NASA Astrophysics Data System (ADS)

    You, Seungyong; van Winkle, David H.

    2010-03-01

    Two-dimensional (2-D) electrophoresis has successfully been used to visualize the separation of DNA fragments of the same length. We electrophorese a double-stranded DNA ladder in an Agarose gel for the first dimension and in gels of Pluronic F127 for the second dimension at room temperature. The 1000 bp band that travels together as a single band in an Agarose gel is split into two bands in Pluronic gels. The slower band follows the exponential decay trend that the other ladder constituents do. After sequencing the DNA fragments, the faster band has an apparently random sequence, while the slower band and the others have two A-tracts in each 250 bp segment. The A-tracts consist of a series of at least five adenine bases pairing with thymine bases. This result leads to the conclusion that the migration of the DNA molecules bent with A-tracts is more retarded in Pluronic gels than the wild-type of DNA molecules.

  11. Characterization of Human Bone Alkaline Phosphatase in Pichia Pastoris

    NASA Technical Reports Server (NTRS)

    Malone, Christine C.; Ciszak, Eva; Karr, Laurel J.

    1999-01-01

    A soluble form of human bone alkaline phosphatase has been expressed in a recombinant strain of the methylotrophic yeast Pichia pastoris. We constructed a plasmid containing cDNA encoding for human bone alkaline phosphatase, with the hydrophobic carboxyl terminal portion deleted. Alkaline phosphatase was secreted into the medium to a level of 32mg/L when cultured in shake flasks, and enzyme activity was 12U/mg, as measured by a spectrophotometric assay. By conversion to a fermentation system, a yield of 880mg/L has been achieved with an enzyme activity of 968U/mg. By gel electrophoresis analysis, it appears that greater than 50% of the total protein in the fermentation media is alkaline phosphatase. Although purification procedures are not yet completely optimized, they are expected to include filtration, ion exchange and affinity chromatography. Our presentation will focus on the purification and crystallization results up to the time of the conference. Structural data should provide additional information on the role of alkaline phosphatase in normal bone mineralization and in certain bone mineralization anomalies.

  12. Silica in alkaline brines

    USGS Publications Warehouse

    Jones, B.F.; Rettig, S.L.; Eugster, H.P.

    1967-01-01

    Analysis of sodium carbonate-bicarbonate brines from closed basins in volcanic terranes of Oregon and Kenya reveals silica contents of up to 2700 parts per million at pH's higher than 10. These high concentrations of SiO 2 can be attributed to reaction of waters with silicates, and subsequent evaporative concentration accompanied by a rise in pH. Supersaturation with respect to amorphous silica may occur and persist for brines that are out of contact with silicate muds and undersaturated with respect to trona; correlation of SiO2 with concentration of Na and total CO2 support this interpretation. Addition of moredilute waters to alkaline brines may lower the pH and cause inorganic precipitation of substantial amounts of silica.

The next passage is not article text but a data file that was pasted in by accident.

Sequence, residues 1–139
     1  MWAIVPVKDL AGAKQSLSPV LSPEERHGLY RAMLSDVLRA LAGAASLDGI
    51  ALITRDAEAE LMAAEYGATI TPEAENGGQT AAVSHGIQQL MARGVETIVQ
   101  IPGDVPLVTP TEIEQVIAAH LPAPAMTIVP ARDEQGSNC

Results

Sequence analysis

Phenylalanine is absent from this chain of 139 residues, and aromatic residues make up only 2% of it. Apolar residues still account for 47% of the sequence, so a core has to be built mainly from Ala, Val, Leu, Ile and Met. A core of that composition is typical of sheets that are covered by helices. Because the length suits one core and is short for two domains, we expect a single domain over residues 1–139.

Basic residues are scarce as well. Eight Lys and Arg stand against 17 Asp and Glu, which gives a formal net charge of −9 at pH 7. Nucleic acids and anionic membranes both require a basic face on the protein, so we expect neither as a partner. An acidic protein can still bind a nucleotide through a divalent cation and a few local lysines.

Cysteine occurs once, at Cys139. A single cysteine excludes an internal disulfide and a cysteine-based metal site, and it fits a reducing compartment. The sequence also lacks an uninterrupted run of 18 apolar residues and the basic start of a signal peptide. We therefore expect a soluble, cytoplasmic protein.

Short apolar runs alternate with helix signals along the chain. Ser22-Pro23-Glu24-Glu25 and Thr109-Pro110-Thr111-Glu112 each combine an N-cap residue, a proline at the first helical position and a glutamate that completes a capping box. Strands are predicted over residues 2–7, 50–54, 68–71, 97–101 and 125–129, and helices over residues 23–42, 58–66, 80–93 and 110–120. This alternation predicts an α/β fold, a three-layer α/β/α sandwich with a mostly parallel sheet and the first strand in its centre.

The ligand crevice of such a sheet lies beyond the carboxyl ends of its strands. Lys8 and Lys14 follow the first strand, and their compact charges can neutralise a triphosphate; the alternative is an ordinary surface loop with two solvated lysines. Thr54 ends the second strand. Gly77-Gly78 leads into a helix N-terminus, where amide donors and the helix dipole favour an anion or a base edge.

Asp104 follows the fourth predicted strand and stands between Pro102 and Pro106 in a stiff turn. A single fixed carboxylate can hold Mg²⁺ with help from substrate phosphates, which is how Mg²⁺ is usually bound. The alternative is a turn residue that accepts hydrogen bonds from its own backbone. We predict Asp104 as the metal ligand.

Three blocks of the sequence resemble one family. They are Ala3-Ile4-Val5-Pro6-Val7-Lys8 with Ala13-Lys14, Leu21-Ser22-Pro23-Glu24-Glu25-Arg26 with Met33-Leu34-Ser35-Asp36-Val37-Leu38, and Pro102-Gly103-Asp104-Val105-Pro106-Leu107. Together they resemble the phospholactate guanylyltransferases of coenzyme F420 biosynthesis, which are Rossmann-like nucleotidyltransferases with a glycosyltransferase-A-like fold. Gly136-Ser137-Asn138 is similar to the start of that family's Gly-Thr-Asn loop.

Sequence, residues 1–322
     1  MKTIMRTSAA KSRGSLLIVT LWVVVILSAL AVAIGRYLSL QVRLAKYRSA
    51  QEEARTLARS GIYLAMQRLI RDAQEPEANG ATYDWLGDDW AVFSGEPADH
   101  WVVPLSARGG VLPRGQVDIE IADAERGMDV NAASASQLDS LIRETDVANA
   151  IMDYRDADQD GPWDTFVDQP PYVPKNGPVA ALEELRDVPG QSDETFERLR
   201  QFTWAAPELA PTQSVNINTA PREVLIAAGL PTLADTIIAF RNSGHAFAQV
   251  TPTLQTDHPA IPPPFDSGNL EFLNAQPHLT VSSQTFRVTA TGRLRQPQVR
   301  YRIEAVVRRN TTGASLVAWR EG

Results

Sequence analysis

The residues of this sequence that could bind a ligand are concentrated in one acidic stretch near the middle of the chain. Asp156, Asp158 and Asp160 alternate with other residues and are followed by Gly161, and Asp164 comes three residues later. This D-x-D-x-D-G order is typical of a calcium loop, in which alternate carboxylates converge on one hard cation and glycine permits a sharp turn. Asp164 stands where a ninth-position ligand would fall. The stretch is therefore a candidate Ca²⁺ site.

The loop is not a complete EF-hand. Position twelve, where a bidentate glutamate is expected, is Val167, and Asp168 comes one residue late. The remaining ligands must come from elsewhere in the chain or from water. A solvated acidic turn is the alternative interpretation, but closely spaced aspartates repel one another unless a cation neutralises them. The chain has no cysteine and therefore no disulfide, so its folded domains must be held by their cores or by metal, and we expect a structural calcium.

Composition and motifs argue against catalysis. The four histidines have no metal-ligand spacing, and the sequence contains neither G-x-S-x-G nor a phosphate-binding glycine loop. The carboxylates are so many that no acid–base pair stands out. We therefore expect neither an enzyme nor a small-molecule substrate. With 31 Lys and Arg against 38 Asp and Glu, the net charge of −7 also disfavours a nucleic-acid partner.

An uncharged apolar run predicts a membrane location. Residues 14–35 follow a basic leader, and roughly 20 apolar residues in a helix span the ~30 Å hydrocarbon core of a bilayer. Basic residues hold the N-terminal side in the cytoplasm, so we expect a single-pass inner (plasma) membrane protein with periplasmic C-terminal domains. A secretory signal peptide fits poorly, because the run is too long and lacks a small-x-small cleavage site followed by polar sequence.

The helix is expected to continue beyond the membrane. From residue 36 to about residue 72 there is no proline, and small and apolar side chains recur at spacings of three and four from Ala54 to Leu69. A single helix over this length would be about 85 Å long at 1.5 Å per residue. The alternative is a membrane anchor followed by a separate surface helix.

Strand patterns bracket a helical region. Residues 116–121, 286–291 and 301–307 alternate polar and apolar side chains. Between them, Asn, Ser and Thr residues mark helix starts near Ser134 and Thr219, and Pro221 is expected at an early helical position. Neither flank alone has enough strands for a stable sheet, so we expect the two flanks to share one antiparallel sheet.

13. Bifunctional alkaline oxygen electrodes

    NASA Technical Reports Server (NTRS)

    Swette, L.; Kackley, N.; Mccatty, S. A.

    1991-01-01

    The authors describe the identification and testing of electrocatalysts and supports for the positive electrode of moderate-temperature, single-unit, rechargeable alkaline fuel cells. Recent work on Na(x)Pt3O4, a potential bifunctional catalyst, is described, as well as the application of novel approaches to the development of more efficient bifunctional electrode structures. The three dual-character electrodes considered here showed similar superior performance; the Pt/RhO2 and Rh/RhO2 electrodes showed slightly better performance than the Pt/IrO2 electrode. It is concluded that Na(x)Pt3O4 continues to be a promising bifunctional oxygen electrode catalyst but requires further investigation and development.

  14. Microfluidic dielectrophoretic sorter using gel vertical electrodes

    PubMed Central

    Luo, Jason; Nelson, Edward L.; Li, G. P.; Bachman, Mark

    2014-01-01